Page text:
Elder Law

Nursing Home and Long-Term Care Alternatives

Figuring out living and care arrangements for an aging parent or loved one is always challenging. Look at alternatives to nursing home or long-term care before making a big change. Find the best fit for your family's finances and your loved one's lifestyle and needs.

Get Help and Stay Put

While an elderly person may firmly resist in-home help, try to talk him or her into accepting help with maintaining his or her home and getting daily chores done. Everyday tasks can easily lead to a life-changing accident, such as a fractured or cracked hip. Decide what someone can do for himself or herself and get help with the rest.

Provide Financial Management

Help your aging relative manage financial tasks; this includes everything from paying the utilities and property taxes to reviewing medical bills and insurance statements. Make sure you have the legal authority to provide help, and use legal instruments such as a power of attorney.


A senior citizen might not be able to handle his or her single-family home any longer, or might not feel comfortable living alone. A condominium or townhouse can be a good fit, and allow him or her to remain independent longer with a ready-made community and the security of shared walls and common areas.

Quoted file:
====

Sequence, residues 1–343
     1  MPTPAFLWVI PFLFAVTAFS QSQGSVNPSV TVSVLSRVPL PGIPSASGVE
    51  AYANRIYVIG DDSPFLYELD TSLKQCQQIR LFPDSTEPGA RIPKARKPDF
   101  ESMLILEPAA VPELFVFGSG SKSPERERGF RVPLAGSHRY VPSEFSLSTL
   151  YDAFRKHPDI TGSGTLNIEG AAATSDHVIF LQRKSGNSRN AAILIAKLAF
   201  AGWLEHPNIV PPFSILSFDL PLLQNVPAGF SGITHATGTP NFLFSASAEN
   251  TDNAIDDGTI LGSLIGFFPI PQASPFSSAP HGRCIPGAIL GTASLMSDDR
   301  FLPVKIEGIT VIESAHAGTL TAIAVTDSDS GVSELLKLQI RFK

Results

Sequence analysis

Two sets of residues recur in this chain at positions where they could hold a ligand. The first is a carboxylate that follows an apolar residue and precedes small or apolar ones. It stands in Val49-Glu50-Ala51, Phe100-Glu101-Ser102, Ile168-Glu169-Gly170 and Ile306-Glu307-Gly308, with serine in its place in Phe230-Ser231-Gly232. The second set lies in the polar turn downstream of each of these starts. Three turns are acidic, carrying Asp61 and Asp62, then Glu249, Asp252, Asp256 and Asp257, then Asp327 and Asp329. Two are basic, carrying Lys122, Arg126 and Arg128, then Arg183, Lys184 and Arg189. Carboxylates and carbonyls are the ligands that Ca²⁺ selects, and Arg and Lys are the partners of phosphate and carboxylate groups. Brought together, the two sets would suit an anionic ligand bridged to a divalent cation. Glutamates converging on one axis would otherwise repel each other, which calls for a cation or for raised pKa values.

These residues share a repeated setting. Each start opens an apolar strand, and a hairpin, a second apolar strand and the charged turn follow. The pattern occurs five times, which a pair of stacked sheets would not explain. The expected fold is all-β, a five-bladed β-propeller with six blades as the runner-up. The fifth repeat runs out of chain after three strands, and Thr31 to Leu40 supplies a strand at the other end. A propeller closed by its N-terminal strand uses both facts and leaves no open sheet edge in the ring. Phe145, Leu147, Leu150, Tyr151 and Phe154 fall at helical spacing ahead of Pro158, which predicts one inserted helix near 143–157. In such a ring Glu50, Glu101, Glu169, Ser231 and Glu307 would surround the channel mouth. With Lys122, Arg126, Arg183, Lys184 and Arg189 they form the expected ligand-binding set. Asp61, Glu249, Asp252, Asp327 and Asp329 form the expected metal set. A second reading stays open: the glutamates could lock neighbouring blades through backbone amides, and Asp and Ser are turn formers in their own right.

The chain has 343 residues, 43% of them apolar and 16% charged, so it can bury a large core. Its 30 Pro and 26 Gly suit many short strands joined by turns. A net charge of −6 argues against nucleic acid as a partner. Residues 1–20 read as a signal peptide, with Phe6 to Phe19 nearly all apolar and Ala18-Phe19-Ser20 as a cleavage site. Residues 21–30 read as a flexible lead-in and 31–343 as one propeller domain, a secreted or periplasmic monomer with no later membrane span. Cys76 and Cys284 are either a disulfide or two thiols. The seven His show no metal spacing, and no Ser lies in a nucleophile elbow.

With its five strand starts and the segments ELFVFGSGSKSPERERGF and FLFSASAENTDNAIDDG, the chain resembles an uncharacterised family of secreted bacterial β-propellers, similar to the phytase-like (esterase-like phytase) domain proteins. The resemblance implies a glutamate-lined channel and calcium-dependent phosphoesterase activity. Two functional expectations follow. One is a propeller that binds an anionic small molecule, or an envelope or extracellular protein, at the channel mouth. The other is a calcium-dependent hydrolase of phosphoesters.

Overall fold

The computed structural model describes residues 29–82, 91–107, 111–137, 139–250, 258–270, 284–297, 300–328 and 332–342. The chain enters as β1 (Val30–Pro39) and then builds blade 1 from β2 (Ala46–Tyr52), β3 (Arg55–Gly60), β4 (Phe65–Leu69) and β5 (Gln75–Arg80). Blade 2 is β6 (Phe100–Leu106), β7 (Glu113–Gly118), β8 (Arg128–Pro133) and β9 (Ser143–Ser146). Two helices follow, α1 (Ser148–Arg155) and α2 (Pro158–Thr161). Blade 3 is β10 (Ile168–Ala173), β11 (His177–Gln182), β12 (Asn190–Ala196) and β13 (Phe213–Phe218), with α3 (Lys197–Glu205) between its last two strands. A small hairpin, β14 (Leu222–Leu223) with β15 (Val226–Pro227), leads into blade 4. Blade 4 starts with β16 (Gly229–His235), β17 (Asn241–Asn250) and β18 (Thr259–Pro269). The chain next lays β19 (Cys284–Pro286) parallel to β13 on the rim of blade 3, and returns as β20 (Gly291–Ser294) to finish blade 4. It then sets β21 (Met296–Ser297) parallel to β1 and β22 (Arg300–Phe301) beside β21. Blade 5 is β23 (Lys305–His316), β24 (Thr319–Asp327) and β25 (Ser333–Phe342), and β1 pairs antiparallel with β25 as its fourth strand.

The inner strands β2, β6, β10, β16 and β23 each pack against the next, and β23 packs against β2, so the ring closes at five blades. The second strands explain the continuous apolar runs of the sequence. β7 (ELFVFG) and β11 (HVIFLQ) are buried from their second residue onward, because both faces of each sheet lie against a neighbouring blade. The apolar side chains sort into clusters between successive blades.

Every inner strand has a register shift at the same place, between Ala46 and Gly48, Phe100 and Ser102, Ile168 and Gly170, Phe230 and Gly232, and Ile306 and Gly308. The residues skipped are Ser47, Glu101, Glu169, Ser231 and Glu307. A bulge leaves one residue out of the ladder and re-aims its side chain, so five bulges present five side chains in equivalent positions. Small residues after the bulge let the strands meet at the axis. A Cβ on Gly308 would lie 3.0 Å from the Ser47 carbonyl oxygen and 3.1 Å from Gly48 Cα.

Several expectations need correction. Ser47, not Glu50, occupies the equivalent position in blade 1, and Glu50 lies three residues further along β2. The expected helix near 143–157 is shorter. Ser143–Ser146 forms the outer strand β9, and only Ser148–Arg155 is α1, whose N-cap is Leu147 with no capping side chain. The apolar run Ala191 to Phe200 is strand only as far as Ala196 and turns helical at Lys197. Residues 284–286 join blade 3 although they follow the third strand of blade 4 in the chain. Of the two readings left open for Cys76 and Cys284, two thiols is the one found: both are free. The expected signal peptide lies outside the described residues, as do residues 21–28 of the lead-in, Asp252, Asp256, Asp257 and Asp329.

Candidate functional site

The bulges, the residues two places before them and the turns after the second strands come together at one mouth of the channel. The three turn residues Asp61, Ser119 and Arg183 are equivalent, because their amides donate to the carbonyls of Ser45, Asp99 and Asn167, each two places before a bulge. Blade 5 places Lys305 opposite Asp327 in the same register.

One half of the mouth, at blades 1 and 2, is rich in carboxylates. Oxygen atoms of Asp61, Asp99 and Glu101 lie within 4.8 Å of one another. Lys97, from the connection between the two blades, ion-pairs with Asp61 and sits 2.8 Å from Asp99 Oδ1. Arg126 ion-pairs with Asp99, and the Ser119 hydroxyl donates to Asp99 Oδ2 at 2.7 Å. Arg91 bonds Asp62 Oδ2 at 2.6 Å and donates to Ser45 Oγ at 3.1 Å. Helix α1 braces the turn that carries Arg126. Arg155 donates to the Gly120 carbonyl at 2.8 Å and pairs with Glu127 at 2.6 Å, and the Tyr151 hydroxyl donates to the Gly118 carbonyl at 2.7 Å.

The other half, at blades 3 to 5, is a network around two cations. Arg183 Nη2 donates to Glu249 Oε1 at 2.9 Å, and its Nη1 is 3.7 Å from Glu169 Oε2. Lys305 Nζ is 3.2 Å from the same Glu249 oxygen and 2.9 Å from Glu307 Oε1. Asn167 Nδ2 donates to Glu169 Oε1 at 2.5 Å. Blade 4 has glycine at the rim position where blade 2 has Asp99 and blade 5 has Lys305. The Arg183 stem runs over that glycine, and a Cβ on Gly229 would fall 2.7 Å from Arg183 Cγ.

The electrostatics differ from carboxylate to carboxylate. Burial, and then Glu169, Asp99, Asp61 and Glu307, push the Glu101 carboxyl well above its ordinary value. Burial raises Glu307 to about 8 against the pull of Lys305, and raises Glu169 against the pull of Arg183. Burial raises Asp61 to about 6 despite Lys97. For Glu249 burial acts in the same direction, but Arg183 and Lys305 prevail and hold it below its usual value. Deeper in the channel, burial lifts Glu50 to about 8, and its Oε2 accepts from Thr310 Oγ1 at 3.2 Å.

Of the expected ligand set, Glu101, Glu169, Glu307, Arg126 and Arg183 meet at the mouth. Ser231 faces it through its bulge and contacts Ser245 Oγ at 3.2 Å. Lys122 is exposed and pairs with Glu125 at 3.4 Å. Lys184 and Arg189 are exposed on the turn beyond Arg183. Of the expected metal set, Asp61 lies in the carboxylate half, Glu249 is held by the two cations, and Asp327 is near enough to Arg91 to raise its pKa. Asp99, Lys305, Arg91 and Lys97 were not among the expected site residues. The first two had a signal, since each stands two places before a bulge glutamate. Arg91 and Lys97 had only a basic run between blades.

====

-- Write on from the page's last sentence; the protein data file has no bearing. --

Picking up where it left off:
Consider moving your loved one to an area where you and other family members can readily provide help. While someone might resist being uprooted, relocation can be the make-or-break factor when an adult child has to balance work and child-rearing responsibilities with helping an aging relative.

Have Your Relative Move In

This option isn't for everyone. However, returning to the multi-generational households of the past can work. Suburban homes are larger and allow for adding a "mother-in-law suite," not to mention possible emotional and financial windfalls offered when households are combined.

Questions for Your Attorney

  • Can you draft a power of attorney that gives me legal authority to manage my elderly parents' finances?
  • Can you draft an agreement that allows someone to help my mother with household tasks in exchange for living rent free in her home?
  • If my mother moves in with us and pays us rent, do we have to report the payments as income on our taxes?
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